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5 Inspiring Examples of Humanitarian Architecture

Humanitarian Architecture

“Start where you can,” was the motto of the Afghan-born architect Nabeel Hamdi, who was one of the pioneers of humanitarian architecture in the 1960s. Since then, many communities around the world have been through wars and natural disasters.

Typically built in harsh environments with scarce resources, examples of humanitarian architecture often act as catalysts to provide shelter, education, health and wellbeing to communities.

Years ago, when I said architects should get involved in humanitarian issues, people laughed at me. Design isn’t only about aesthetics, it’s about problem-solving and we have a planet plagued with problems.

Cameron Sinclair, co-founder of Architects for Humanity

Since the 1960s, many architects have been using their skills to address devastating and urgent problems. The five following examples of humanitarian architecture exemplify how buildings and design lift communities in need up in a dignified, practical, and aesthetically pleasing way.

An Innovative Refugee Center in Germany

The war that broke out in Syria in 2011 displaced more than 6 million people; half a million of which sought asylum in Germany. At least 12,000 of them settled in a camp outside the Southwestern German city of Mannheim.

Working with 25 refugees, 18 architecture students from the University of Kaiserslautern built a latticed-wood refugee center within this camp.

“[The refugees] are well provided with the bare essentials but the immediate area is quite desolate and lacking of quality common spaces,” said the student architects. The stunning wooden complex with cross-laminated timber walls and shadow plays now meets some of this need.

A Children’s Cancer Center in Rwanda

The curing rate for childhood cancer now exceeds 80 percent in some advanced economies; but it was 10 percent in the 1960s. However, lack of access to adequate health facilities can mean that there’re global asymmetries: More than 80 percent of children with cancer in poorer countries die following a cancer diagnosis.

Nevertheless, state-of-art health facilities like Butaro Cancer Center of Excellence in Rwanda are ready to rewrite this narrative and address the “global cancer divide”.

Designed by MASS Group, this hospital brings cost-effective and cutting-edge cancer treatment to some of the world’s poorest children and underserved communities.

A Culturally Sensitive Orphanage in Iran

In addition to addressing some pressing needs, good examples of humanitarian architecture must be culturally sensitive to maximize its impact.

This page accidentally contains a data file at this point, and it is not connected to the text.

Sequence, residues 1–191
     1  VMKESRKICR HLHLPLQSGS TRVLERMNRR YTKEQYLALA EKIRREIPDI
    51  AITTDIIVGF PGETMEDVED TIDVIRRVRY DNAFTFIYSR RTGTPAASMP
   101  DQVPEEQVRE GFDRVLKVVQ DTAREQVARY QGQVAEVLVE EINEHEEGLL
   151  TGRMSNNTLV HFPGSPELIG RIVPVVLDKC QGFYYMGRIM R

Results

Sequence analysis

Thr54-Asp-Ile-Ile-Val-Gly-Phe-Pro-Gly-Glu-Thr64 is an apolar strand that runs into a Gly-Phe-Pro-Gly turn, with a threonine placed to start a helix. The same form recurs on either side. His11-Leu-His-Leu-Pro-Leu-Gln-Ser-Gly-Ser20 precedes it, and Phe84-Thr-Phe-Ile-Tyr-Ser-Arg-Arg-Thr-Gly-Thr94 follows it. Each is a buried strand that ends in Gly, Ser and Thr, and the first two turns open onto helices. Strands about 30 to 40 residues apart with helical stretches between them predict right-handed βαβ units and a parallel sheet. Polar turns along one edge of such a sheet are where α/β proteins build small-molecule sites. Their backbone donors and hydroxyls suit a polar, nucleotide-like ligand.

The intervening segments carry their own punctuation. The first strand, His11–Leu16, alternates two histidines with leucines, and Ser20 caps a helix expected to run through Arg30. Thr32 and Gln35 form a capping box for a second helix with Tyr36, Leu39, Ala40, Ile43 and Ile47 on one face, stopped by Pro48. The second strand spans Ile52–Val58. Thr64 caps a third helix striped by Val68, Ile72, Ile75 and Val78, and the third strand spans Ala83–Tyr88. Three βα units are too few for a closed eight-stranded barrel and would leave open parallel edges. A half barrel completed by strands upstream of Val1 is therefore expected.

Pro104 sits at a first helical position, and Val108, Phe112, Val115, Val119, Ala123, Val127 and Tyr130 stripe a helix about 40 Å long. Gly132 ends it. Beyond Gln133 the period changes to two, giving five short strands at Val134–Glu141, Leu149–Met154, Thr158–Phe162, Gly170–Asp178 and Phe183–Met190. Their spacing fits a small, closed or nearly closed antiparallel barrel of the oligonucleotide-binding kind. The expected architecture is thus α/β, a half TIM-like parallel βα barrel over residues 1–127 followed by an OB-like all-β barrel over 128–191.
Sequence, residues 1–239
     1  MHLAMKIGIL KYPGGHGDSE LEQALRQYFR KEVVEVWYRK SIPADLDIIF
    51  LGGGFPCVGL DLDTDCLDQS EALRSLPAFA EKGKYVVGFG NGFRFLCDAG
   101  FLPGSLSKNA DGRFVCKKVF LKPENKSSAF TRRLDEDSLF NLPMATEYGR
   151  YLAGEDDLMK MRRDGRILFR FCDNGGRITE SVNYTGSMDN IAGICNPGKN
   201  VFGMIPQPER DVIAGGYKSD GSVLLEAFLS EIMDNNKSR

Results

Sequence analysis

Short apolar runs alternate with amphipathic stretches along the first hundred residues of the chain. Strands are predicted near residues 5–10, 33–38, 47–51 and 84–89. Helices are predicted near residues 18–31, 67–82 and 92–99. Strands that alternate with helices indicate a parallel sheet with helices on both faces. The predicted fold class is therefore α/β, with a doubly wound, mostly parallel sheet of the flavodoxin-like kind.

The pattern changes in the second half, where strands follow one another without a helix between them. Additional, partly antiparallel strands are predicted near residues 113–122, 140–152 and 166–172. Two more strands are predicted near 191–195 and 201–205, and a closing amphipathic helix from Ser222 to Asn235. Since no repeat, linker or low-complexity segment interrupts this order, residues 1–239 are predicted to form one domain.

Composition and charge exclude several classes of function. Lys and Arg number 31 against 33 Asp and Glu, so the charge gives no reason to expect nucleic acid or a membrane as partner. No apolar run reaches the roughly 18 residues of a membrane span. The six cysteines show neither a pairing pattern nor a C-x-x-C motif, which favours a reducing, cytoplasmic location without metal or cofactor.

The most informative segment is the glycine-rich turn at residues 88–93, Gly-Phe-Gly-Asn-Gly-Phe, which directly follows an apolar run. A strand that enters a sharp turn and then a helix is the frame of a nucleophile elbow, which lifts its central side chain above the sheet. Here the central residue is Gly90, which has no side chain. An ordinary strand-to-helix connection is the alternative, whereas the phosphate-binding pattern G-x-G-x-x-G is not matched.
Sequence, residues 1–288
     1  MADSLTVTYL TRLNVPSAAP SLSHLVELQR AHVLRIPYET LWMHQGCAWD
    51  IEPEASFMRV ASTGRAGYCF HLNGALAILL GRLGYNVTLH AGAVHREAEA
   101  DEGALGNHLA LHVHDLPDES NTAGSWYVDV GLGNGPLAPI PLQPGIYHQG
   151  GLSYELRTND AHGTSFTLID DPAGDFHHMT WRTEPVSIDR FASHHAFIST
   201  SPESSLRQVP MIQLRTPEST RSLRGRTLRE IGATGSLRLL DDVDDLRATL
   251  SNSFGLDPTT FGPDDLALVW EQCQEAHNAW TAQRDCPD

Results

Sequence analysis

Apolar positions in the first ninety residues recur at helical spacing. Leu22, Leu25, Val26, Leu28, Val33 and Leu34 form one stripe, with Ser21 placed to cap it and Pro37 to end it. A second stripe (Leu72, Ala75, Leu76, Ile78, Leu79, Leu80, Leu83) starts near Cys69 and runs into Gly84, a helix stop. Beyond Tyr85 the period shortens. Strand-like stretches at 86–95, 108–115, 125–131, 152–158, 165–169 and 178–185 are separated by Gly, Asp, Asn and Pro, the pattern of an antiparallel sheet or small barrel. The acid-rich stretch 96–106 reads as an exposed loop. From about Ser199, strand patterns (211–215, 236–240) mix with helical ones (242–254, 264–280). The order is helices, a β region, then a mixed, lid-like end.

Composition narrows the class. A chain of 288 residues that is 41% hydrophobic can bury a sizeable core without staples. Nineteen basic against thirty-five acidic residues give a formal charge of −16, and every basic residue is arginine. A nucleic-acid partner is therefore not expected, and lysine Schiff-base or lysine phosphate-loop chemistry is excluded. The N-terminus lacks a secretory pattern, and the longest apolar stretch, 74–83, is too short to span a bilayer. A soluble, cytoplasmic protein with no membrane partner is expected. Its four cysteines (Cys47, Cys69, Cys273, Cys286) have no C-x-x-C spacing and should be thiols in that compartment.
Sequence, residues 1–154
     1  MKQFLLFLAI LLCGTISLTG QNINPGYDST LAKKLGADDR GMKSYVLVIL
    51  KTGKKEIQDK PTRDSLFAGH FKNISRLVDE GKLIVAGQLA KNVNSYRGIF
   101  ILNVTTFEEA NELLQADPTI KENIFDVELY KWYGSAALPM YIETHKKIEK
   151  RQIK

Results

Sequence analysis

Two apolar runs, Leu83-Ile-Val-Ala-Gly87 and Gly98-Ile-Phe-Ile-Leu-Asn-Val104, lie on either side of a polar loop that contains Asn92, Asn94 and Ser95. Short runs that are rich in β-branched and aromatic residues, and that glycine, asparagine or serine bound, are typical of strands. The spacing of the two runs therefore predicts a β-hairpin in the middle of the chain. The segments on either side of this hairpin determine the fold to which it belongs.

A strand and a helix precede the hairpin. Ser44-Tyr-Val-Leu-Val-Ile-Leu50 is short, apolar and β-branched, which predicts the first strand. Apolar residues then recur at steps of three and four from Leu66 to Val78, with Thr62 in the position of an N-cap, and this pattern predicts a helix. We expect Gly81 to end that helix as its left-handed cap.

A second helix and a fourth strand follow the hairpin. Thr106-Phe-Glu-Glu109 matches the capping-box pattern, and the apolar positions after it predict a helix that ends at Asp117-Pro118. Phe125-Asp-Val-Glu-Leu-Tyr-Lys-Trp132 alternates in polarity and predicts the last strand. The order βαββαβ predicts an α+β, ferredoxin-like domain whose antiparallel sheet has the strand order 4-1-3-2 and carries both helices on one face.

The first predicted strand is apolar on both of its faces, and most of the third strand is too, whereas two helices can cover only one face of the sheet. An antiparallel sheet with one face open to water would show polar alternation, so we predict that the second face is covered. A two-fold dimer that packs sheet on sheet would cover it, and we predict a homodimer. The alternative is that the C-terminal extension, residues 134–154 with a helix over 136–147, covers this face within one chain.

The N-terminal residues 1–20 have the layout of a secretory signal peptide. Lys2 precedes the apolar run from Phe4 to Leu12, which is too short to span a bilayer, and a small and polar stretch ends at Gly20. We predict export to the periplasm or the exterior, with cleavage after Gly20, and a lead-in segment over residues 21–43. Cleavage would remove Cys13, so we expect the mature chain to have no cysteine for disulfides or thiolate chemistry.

Tehran-based ZAV Architects, in collaboration with the non-profit Habitat for Orphan Girls, achieved exactly that with a recently finished residential center for vulnerable girls.

The orphanage was a 2018 winner of the Architectural House Awards. Through closeable balconies and inwards-curving roofs, it provides a safe and homely environment for girls between seven and 16 to learn, play, and thrive.

A Cardboard Cathedral in New Zealand

In 2011, a violent earthquake struck Christchurch, New Zealand’s second big city, taking 181 lives. The disaster also devastated the city center, destroying many of the historical buildings such as the iconic Christchurch cathedral.

To replenish the city’s spirits and meet the need for a place of public gathering and worship, Shigeru Ban, a Japanese architect famous for his work with paper, swiftly built the Cardboard Cathedral.

The result is stunning yet straightforward: The a-frame structure from 98 equally sized cardboard tubes and eight steel shipping containers now serves the public until a permanent structure is in place.

Zones for Peace in Venezuela

Venezuela is one of South America’s most urbanized countries. However, in recent years, the country has been engulfed in an economic and political crisis, which caused a surge in urban violence.

The local architecture firm PICO Estudio’s project, Espacios de Paz (Spaces for Peace) established five safe zones within some of Venezuela’s most troubled neighborhoods.

Designed with cheerful and bright colors and geometric patterns, these five community centers provide safe areas for families and children to get together, learn, and play.

The humanitarian architecture project, which was a winner of the Architecture Sans Frontiere’s Award in 2015, already brought drastic changes to the five urban settlements where it’s spread.

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